Food Lifeline has been able to supply more than 27 million meals to Western Washington's underserved populations by cutting costs wherever possible. The organization collects surplus food from food producers and retailers, and distributes it to a wide network of food banks and shelters.
In order to focus its funding on food, Food Lifeline endeavors to reduce extra costs incurred by the new bridge toll on SR 520. With more than 300 member programs relying on surplus food from Food Lifeline, delivery trucks must pass through the bridge toll as many as 16 times a week, and the amount of money the organization expects to pay tolls in 2012—approximately $3,000—could have provided nearly 9,000 meals. A local firefighters' union has already offered to cover the costs of January tolls ($250), in an effort to encourage others to support Food Lifeline with the remaining $2,750 needed for the year.
Join G-Team and donate $10 to help provide meals to low-income families by reducing the extra cost of bridge tolls. If G-Team members raise $250, then Food Lifeline can cover about one month’s worth of passes through the SR 520 toll. Each additional donation will be used toward toll costs.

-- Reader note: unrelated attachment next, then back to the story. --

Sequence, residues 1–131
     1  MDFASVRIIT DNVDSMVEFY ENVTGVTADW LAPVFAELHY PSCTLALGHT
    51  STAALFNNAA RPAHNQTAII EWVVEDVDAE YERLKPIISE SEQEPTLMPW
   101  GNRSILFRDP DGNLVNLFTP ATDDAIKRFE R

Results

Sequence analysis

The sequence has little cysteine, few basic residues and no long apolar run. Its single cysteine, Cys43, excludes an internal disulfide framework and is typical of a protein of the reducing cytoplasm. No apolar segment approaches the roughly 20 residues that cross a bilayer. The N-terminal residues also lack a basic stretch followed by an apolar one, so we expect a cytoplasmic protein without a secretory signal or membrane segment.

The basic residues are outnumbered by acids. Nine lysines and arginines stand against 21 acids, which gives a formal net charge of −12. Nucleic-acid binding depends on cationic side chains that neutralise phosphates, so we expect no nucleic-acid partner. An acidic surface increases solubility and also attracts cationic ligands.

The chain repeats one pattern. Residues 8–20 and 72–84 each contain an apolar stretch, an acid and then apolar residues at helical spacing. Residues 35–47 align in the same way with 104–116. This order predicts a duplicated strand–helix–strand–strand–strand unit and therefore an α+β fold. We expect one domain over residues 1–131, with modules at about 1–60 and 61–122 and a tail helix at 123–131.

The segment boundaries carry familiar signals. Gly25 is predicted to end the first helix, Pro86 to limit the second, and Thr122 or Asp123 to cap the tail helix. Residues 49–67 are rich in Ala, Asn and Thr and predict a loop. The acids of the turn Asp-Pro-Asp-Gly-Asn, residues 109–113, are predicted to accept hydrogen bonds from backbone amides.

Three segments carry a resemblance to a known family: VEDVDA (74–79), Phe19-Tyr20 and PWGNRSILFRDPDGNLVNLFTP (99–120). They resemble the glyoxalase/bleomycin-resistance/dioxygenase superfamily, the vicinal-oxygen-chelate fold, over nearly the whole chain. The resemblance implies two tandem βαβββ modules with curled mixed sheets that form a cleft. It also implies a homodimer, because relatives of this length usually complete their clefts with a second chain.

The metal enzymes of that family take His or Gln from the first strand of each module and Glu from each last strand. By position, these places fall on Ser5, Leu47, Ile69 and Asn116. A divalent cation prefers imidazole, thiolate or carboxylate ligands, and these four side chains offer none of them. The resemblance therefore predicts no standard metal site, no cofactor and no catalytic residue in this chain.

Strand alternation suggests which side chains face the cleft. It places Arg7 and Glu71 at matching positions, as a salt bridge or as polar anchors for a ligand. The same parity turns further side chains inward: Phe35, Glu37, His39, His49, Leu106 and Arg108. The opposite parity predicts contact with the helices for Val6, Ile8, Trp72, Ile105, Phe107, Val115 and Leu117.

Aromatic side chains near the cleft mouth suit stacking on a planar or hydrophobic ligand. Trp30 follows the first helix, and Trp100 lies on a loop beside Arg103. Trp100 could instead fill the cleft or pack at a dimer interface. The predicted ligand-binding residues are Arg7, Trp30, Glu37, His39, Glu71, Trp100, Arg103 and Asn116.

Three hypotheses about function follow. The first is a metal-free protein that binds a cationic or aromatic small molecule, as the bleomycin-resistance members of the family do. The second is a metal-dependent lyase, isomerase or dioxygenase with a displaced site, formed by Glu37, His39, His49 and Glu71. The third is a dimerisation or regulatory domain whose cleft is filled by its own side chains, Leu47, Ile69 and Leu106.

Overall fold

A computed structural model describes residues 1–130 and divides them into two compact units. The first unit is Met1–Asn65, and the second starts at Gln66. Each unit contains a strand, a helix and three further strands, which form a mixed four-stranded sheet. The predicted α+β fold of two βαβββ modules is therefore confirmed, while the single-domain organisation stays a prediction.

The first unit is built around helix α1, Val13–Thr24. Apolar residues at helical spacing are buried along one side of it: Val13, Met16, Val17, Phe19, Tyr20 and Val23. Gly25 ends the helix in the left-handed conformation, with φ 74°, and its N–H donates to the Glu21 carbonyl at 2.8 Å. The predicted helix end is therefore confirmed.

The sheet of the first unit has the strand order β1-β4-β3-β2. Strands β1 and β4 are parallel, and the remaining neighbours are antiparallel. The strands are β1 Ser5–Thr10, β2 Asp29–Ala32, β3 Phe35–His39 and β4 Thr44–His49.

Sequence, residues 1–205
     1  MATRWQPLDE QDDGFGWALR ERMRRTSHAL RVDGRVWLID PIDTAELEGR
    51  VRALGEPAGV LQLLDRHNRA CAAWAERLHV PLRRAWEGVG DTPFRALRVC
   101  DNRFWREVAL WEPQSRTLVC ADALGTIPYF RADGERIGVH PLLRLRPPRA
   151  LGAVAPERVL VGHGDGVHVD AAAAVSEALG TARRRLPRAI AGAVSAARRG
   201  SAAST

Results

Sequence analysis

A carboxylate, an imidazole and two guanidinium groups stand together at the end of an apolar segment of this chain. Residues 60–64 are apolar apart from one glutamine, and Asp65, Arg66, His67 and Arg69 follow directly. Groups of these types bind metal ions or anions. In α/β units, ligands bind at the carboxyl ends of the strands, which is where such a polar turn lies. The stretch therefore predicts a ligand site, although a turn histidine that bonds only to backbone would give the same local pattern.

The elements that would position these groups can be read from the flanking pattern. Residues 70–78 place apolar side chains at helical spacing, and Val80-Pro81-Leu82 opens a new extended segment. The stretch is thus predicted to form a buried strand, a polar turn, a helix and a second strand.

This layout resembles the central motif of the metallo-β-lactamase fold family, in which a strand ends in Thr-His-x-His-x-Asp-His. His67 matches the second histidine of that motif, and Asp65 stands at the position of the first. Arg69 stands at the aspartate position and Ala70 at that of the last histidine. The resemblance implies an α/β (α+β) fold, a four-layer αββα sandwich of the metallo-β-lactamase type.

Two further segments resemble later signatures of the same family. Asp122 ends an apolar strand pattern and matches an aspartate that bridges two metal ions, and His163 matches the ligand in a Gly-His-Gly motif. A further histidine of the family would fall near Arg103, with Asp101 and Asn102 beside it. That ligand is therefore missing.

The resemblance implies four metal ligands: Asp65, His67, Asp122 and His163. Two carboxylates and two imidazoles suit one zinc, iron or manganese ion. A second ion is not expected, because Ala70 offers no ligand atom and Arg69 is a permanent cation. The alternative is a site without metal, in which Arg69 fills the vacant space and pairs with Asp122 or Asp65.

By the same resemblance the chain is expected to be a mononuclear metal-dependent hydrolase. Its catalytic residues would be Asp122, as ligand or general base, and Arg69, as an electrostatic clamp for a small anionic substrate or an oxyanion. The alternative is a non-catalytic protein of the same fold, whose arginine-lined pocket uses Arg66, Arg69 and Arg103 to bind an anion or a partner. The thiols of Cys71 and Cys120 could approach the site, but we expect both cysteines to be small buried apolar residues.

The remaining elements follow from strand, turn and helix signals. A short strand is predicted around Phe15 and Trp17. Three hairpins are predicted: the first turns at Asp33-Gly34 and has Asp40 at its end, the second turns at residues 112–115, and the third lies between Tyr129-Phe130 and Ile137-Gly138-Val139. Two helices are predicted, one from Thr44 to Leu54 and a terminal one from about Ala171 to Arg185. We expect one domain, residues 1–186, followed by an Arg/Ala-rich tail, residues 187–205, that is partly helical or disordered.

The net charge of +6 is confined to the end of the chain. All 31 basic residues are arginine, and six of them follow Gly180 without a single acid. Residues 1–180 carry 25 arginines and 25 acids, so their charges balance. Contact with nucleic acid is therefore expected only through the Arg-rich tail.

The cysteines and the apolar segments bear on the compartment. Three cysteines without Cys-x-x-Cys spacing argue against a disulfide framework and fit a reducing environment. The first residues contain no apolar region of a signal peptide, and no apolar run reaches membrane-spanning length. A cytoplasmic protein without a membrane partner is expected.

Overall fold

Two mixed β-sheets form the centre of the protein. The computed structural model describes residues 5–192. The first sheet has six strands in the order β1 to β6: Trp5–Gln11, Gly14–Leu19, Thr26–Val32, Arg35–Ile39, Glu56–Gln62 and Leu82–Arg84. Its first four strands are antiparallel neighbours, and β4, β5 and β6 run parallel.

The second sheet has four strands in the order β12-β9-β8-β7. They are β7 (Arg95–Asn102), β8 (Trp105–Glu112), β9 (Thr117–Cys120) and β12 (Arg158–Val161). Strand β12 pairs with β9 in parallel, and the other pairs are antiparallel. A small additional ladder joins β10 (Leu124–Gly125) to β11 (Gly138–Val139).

Unlike traditional Groupon deals, G-Team campaigns typically don't offer you a "discount" or "savings." So "buyer" beware—when you click "Buy" to donate your time or money to a worthwhile G-Team cause, the only discount you may receive is 100% off free, priceless karma. Read more about G-Team.
Each day in western Washington, a fleet of 15 trucks drives a combined 690 miles to pick up donations to deliver to agencies. Their cargo: food—nutritious food that annually totals nearly 36 million pounds, which works out to roughly 30 million meals. These trucks are part of Food Lifeline, a vast network of volunteers, grocery stores, and non-profits that work to ensure everyone in the region has something to eat.
To provide the amount of food it does—more than any non-profit in Washington—Food Lifeline relies on efficiency. The organization redirects food from grocers, farmers, and distributors that would likely have gone to waste. Food banks then distribute this food and prepared meals to whoever needs help getting meals, including children, seniors, and families.